Viewing the area on Google Maps shows a sandy-looking patch of bare land, with faint marks for the forking incoming tracks that divided up to produce the sidings used within the Works.

1962 cutting:

Pullman Cars will go on

AN assurance that Brighton’s Pullman car works would still be needed under the British Railways' reorganisation scheme was given today. Sir John Elliot, chairman of the Pullman Car Company, told 100 workers this when opening a new canteen at their Preston Park works. He said "Dr. Beeching has told me that Pullman cars will be extended and not the reverse. Pullman cars will go on but will be very closely linked with British Railways after next January while retaining their own management."

"Within the next two or three years at least these works will be required. What will happen after that I cannot say because old boys like me will be retired, but all your skills will be needed."

Sir John, a former head of the old Southern Railway, recalled that the new modern canteen and recreation building replaced a 62-year-old Pullman car "Devonshire" which has served as the canteen for years.

— , -, , Pullman cars will go on, , M14F (?), cutting, , 24th October 1962

Retrospective, J.L. Gilbert:

I joined the Pullman Car Company in 1929 as Assistant Chief Engineer eventually to be in charge of the Pullman Works, Preston Park, Brighton, where all Pullman Cars were renovated.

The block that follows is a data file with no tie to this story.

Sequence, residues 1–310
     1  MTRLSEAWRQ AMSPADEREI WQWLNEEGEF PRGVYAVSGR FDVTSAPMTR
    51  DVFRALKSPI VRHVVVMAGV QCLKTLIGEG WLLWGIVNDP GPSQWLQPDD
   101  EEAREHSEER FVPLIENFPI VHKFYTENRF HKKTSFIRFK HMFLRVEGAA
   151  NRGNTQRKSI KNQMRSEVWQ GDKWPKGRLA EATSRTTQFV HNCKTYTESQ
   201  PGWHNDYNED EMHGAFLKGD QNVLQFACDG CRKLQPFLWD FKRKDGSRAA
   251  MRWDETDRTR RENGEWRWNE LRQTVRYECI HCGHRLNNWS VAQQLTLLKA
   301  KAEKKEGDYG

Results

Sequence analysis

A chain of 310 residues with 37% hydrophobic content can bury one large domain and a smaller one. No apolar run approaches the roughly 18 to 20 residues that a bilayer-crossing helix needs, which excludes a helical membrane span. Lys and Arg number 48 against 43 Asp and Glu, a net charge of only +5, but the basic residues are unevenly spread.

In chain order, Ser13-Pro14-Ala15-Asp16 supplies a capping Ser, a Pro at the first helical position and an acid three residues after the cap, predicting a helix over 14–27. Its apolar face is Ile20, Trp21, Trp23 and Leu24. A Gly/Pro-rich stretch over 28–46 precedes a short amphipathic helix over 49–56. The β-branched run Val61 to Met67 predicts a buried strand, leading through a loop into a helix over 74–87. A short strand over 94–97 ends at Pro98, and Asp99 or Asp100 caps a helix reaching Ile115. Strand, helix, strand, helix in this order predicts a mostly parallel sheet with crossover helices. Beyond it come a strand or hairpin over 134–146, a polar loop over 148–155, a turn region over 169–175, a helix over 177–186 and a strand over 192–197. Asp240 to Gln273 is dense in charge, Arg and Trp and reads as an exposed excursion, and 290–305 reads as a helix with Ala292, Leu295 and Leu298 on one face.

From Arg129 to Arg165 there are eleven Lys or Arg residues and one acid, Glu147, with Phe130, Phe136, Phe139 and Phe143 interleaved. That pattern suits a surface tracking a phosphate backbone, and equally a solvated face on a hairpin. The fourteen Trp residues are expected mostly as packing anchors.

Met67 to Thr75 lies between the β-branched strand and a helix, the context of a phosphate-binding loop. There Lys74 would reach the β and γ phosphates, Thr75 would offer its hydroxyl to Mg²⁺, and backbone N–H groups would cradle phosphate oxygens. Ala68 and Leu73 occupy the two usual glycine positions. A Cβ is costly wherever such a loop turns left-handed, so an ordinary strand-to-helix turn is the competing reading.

At the time the Pullman Car Company was growing rapidly from a comparatively small concern, and did eventually operate trains from London to most big towns. The most lucrative and famous train was the Golden Arrow service from London to Paris (before regular air travel commenced). It may not be generally known that the Pullman Car Company designed, built, maintained and staffed Pullman Cars at their expense. These were hauled by the Railway Companies (now British Railways) free of charge. Pullman therefore was a private concern, operating as stated and making a profit. The income of the Company was derived solely from the profits on refreshments and the supplementary fares. The whole of the basic 1st and 3rd (as it was then) fares was taken by the Railway Company involved, but we were able to attract customers by the additional comforts provided. For instance, we were the first to provide air conditioning to the coaches and also individual control of heating.